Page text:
Tandem Project


Secrets and Secrecy in Late Antiquity, Byzantium, and Early Islam

 

Conference

A plethora of literary texts from late antique, Byzantine, and early Islamic times contain aspects of secrecy that have not been treated separately. Moreover, these topics have never been studied from a diachronic and comparative perspective until now.

The international AGYA conference, organized by AGYA members Konstantin Klein and Anis Ben Amor, aimed at closing this gap in scholarship by deciphering and contrasting the social modes of concealment that are inherent in:
1) protagonists: Christian celibate marriages, figures who hide their powers or wisdom that is often bestowed by God, or people who have to practise their faith in secret;
2) storylines: believers hiding from persecutors, holy figures hiding from too many followers, adventurers travelling foreign lands in masquerade, or spies who – by disguising themselves – set out to discover secrets themselves;
3) objects: the secret letter that is suddenly discovered, magic cloaks and masks as precious items, as well as signs that reveal a protagonist’s sanctity such as the light of Muḥammad;
4) the dynamics between author and audience: secrets and secrecy pose a simultaneous dynamic duality by conferring a sense of control as well as legitimation upon the protagonists and by placing the onus back onto the audience. This is because the recipients can only attain of a ‘true’ understanding of a literary text if they penetrate what lies right in front of them. Thus, the reader adopts the role of an initiate, learning to infiltrate what lies beneath the mask.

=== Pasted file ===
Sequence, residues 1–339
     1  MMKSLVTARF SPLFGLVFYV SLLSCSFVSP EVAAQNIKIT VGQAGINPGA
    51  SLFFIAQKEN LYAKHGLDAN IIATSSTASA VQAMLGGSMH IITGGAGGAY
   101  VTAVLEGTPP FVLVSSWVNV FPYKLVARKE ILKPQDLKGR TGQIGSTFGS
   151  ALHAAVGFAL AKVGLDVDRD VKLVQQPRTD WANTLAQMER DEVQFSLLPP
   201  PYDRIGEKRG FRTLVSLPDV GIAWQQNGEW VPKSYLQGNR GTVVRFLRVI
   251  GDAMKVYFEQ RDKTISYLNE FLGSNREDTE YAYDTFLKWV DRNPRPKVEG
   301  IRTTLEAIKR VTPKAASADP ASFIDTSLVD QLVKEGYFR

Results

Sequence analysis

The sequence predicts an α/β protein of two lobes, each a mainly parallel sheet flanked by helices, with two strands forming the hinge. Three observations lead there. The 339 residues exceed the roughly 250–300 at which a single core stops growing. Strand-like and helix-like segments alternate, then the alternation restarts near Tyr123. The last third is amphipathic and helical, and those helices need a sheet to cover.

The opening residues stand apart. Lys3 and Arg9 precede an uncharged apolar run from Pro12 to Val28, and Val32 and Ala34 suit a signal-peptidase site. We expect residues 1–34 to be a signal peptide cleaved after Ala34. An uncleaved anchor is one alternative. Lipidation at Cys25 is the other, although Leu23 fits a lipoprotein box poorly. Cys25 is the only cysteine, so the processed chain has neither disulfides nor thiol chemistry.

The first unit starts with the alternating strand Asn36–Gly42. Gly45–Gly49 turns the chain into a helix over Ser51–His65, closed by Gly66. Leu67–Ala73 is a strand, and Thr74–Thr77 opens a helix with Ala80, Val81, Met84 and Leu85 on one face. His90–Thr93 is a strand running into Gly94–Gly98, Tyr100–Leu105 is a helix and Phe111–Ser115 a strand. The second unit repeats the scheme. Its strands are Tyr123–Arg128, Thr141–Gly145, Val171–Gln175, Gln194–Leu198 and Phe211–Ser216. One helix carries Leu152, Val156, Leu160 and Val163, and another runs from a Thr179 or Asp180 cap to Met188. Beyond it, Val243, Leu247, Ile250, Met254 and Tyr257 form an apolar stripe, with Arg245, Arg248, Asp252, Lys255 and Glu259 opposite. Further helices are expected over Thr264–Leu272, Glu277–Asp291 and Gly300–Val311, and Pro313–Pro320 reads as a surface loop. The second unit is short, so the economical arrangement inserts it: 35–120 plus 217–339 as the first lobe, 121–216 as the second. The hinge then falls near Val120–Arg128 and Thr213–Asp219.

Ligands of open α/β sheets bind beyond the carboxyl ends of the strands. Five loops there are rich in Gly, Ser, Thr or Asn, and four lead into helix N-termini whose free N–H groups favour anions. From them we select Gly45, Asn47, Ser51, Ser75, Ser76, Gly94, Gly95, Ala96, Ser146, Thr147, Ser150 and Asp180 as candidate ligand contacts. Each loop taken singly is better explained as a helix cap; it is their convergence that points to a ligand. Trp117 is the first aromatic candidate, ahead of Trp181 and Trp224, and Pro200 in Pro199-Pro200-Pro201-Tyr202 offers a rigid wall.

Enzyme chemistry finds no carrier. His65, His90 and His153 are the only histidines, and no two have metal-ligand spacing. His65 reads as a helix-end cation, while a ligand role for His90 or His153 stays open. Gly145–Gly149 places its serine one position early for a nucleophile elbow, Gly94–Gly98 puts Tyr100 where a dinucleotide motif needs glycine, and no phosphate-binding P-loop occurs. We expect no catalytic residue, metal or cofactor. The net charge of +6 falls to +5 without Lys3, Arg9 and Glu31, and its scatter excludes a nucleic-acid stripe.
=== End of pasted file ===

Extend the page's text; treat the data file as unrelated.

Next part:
Invited speakers included: Anne Alwis (Kent), Lale Behzadi (Bamberg), Tina Chronopoulos (New York), Stavroula Constantinou (Nicosia), James Corke-Webster (London), Kirill Dmitriev (St Andrews), Julia Doroszewska (Warsaw), Klaus van Eickels (Bamberg), Laura Franco (London), Benjamin Gray (London), Christa Gray (Reading), Enass Khansa (Beirut), Konstantin Klein (Bamberg), Jan-Markus Kötter (Düsseldorf), Georg Leube (Bayreuth), Jenny Oesterle (Heidelberg), Bilal Orfali (Beirut), Christodoulos Papavarnavas (Vienna), Benjamin Pohl (Bristol), Klazina Staat (Ghent), Dionysios Stathakopoulos (London), Leah Tether (Bristol), Isabel Toral-Niehoff (Berlin), Lieve Van Hoof (Ghent), Peter Van Nuffelen (Ghent), and Marlena Whiting (Amsterdam).


Members in Charge

Anis Ben Amor

Literature
University of Tunis El Manar, Higher Institute of Humanities, Department of Applied Languages

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Konstantin Klein

History
University of Bamberg, Lehrstuhl für Alte Geschichte

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DATE and Venue of the project

26 – 28 July 2019University of Bamberg

Pictures by AGYA/Konstantin Klein & John William Waterhouse, Thisbe, 1909. Wikimedia Commons

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